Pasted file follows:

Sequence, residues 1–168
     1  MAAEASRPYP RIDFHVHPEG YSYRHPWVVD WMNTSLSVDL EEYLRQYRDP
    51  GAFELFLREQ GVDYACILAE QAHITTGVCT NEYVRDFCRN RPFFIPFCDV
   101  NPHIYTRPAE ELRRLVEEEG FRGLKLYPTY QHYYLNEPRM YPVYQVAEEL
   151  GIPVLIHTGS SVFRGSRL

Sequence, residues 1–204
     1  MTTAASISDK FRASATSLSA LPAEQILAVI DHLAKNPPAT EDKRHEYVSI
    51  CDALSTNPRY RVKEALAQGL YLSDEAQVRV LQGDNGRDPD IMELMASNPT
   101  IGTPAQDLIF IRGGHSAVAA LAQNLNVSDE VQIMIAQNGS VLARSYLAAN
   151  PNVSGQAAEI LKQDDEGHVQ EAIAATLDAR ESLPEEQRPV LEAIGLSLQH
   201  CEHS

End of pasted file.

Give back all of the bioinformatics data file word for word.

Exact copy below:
Sequence, residues 1–168
     1  MAAEASRPYP RIDFHVHPEG YSYRHPWVVD WMNTSLSVDL EEYLRQYRDP
    51  GAFELFLREQ GVDYACILAE QAHITTGVCT NEYVRDFCRN RPFFIPFCDV
   101  NPHIYTRPAE ELRRLVEEEG FRGLKLYPTY QHYYLNEPRM YPVYQVAEEL
   151  GIPVLIHTGS SVFRGSRL

Sequence, residues 1–204
     1  MTTAASISDK FRASATSLSA LPAEQILAVI DHLAKNPPAT EDKRHEYVSI
    51  CDALSTNPRY RVKEALAQGL YLSDEAQVRV LQGDNGRDPD IMELMASNPT
   101  IGTPAQDLIF IRGGHSAVAA LAQNLNVSDE VQIMIAQNGS VLARSYLAAN
   151  PNVSGQAAEI LKQDDEGHVQ EAIAATLDAR ESLPEEQRPV LEAIGLSLQH
   201  CEHS